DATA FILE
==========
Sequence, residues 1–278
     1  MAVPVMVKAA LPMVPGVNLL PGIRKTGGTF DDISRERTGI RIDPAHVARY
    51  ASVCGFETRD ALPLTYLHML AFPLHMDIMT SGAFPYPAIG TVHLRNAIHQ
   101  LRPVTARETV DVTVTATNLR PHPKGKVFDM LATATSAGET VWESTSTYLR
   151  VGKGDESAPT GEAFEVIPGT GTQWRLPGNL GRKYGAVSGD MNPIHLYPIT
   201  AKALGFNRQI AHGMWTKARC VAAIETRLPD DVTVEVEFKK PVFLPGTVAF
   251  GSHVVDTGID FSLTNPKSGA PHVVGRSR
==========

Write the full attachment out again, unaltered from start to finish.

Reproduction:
Sequence, residues 1–278
     1  MAVPVMVKAA LPMVPGVNLL PGIRKTGGTF DDISRERTGI RIDPAHVARY
    51  ASVCGFETRD ALPLTYLHML AFPLHMDIMT SGAFPYPAIG TVHLRNAIHQ
   101  LRPVTARETV DVTVTATNLR PHPKGKVFDM LATATSAGET VWESTSTYLR
   151  VGKGDESAPT GEAFEVIPGT GTQWRLPGNL GRKYGAVSGD MNPIHLYPIT
   201  AKALGFNRQI AHGMWTKARC VAAIETRLPD DVTVEVEFKK PVFLPGTVAF
   251  GSHVVDTGID FSLTNPKSGA PHVVGRSR